Perhaps nowhere are the flaws in the Honors College’s philosophy more evident than in their featuring “Rising Out of Hatred,” a book about the journey of a former white nationalist who changes his views after attending a liberal arts college and meeting people with different backgrounds. The text was assigned for the 2020 fall semester in the wake of BLM protests that year. Rather than boosting the voices of people of color during this important time, the Honors College opted to platform a former white supremacist. By choosing a white narrative targeted at a white audience, the Honors College failed to create opportunities for their majority white student base to confront their privilege. Reading texts on racism must be uncomfortable for white readers to create impactful dialogue and growth. By selecting a text that specifically assuaged white Americans’ fears about the tensions of racism in this country, the Honors College failed their BIPOC students.
Beyond the self-congratulatory tone toward a liberal arts education, “Rising Out of Hatred” also promotes the dangerous stereotype that it is the job of women and people of color to rehabilitate problematic white men. Though, it is not necessarily surprising the Honors College saw merit in that trope, as students of color in their precepts have been forced into the uncomfortable position of acting as representatives for all people of color. One brown student shared that the curriculum and faculty are a major reason they have stopped engaging with almost any of the texts. The Honors College is actively excluding talented, non-white students when it opts for this limited picture of civilization.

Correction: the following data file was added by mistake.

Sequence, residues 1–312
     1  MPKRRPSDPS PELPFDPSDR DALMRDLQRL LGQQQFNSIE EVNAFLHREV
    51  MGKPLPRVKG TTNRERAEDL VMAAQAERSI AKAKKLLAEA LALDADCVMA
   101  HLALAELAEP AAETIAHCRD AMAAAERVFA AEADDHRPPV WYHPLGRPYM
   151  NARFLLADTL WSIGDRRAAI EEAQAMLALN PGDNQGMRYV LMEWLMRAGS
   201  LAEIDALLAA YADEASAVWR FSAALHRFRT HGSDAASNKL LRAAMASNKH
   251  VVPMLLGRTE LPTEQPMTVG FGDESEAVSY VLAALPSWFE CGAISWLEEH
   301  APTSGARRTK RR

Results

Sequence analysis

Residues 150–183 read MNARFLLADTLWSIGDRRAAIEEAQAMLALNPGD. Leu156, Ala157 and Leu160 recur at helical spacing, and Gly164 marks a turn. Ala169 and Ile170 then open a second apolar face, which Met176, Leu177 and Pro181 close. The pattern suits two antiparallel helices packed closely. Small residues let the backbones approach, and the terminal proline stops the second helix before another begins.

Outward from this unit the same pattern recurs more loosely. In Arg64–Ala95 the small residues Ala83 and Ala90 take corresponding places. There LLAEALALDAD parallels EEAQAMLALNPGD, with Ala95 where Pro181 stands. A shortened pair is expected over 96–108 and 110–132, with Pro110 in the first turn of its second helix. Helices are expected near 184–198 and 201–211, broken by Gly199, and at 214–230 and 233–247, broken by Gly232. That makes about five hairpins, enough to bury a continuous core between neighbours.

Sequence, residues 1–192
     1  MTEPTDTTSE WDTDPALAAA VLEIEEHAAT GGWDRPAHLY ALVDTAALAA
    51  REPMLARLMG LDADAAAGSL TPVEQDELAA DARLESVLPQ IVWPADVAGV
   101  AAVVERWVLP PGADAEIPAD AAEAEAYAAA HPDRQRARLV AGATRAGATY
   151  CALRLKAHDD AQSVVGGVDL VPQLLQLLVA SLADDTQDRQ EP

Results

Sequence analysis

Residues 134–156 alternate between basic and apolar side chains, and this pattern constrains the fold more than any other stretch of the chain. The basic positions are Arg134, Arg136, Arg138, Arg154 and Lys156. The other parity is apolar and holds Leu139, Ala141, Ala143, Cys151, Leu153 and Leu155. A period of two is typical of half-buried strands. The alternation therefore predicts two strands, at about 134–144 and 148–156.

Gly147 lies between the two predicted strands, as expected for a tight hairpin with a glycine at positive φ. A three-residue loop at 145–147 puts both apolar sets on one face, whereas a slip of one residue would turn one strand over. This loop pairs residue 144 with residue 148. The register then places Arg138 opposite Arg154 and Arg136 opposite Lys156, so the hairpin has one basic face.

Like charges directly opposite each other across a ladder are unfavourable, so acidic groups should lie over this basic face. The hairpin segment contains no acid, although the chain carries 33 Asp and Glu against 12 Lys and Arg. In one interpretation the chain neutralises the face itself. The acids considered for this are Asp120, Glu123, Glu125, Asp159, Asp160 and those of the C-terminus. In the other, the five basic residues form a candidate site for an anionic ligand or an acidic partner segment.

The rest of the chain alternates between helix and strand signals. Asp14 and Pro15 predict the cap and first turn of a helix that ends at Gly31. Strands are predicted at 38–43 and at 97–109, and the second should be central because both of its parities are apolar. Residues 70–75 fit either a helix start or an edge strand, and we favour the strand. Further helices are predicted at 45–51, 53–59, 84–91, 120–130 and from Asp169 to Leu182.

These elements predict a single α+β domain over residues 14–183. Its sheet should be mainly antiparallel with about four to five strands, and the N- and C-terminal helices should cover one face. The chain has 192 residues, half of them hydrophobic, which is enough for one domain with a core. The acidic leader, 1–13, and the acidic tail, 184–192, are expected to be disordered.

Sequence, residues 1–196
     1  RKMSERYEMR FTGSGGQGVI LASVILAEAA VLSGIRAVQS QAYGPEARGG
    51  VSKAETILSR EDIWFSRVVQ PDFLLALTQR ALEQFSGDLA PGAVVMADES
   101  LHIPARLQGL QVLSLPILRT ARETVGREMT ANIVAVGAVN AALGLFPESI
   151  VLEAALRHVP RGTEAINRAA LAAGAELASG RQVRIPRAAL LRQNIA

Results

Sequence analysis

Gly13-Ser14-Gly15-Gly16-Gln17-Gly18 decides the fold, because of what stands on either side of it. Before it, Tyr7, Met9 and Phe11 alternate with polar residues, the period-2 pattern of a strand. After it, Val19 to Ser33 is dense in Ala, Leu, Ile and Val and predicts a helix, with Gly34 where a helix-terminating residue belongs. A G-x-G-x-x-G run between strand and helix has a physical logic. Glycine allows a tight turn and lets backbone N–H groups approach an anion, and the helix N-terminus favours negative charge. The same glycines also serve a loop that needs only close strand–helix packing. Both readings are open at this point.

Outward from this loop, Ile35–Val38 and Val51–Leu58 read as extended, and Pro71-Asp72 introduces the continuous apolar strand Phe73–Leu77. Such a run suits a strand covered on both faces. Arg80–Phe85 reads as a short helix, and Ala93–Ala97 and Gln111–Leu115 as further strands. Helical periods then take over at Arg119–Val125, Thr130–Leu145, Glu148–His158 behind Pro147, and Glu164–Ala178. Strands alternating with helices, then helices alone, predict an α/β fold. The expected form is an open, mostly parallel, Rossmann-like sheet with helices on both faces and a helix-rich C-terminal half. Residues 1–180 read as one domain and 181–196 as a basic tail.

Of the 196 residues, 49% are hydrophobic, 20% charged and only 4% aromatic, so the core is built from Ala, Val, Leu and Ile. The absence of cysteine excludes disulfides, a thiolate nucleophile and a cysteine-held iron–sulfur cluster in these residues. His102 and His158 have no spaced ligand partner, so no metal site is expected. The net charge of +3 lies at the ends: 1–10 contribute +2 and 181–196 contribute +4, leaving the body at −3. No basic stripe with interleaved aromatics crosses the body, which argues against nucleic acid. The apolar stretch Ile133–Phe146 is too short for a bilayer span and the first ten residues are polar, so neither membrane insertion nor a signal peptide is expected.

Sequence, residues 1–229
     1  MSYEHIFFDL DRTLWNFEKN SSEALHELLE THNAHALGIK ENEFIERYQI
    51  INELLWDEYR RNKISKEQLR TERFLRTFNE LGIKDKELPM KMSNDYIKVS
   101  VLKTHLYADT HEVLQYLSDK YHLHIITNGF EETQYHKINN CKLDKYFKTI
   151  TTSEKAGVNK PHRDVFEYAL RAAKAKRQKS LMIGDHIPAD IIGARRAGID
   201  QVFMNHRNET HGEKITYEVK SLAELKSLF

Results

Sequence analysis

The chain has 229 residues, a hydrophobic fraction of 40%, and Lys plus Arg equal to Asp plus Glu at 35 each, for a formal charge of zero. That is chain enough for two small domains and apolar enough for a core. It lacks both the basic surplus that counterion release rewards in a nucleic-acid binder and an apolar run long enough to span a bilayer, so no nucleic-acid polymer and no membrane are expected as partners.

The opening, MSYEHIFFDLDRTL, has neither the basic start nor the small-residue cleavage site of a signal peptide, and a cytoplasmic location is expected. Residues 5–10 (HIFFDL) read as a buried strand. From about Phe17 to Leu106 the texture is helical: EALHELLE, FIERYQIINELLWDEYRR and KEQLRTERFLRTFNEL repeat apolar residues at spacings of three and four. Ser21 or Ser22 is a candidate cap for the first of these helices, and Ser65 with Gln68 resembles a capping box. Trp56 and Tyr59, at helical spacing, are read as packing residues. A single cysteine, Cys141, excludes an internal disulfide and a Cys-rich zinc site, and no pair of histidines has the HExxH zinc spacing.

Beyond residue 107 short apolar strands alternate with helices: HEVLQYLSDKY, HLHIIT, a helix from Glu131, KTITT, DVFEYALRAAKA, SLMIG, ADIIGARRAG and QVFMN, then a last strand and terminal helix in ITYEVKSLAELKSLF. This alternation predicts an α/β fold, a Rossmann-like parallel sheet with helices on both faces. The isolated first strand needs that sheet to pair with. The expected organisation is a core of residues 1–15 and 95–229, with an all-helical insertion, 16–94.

The current Honors College approach to discussions of racism, both in curriculum and precept, is often tokenistic. This not only degrades the importance of the BIPOC texts shared, but it also degrades the experience of BIPOC students. Students of color should only share their experiences and opinions if they wish and shouldn’t have their opinion solicited solely to educate their white peers. In other words, as another student noted, “ethical platforming of marginalized voices requires consent.”
Ignoring the consent and needs of BIPOC students is just another area needing major reform. Preceptors must be trained to properly conduct these conversations that don’t exclude BIPOC students from academic spaces.
“Rising Out of Hatred” is a microcosm of a greater issue with the Honors College. This book wasn’t featured simply because it is a supposedly interesting story. The problem is that the lesson humanizes dangerous racists and lets white people and universities off the hook for accountability and action. Worst yet, it treats the struggle of people of color as an opportunity for character development for white people. When the Civilizations Sequence is presented through the white lens, featured BIPOC texts will always be presented in terms of how their struggles affect the Western narrative.
The Honors College needs a wholesale overhaul of its curriculum and structure. Seeking out diversity within the faculty and using tele-education resources to bring in more BIPOC lecturers – especially for more than just BIPOC texts – would be a good start. However, simply featuring a few more books by BIPOC or non-Western authors will not be enough. Until the entire Civilizations Sequence stops feeling like a Western Civilizations Sequence with episodic features of non-Western voices, the curriculum will always be inequitable. This overhaul is not a new idea. Preceptors have noted the tension that arises within the Honors College when it comes to deciding the curriculum, fueling speculation that curriculum choice is one of the main causes for the faculty turnover in the department.
The Honors College is correct about the importance of a liberal arts education. One of the biggest roles higher education plays in the world is cultivating the next generation of leaders and thinkers. Where the Honors College fails is the implementation of this education. Until this systematic change is achieved, Honors students will only become well-rounded in spite of the Honors Endeavor, not because of it.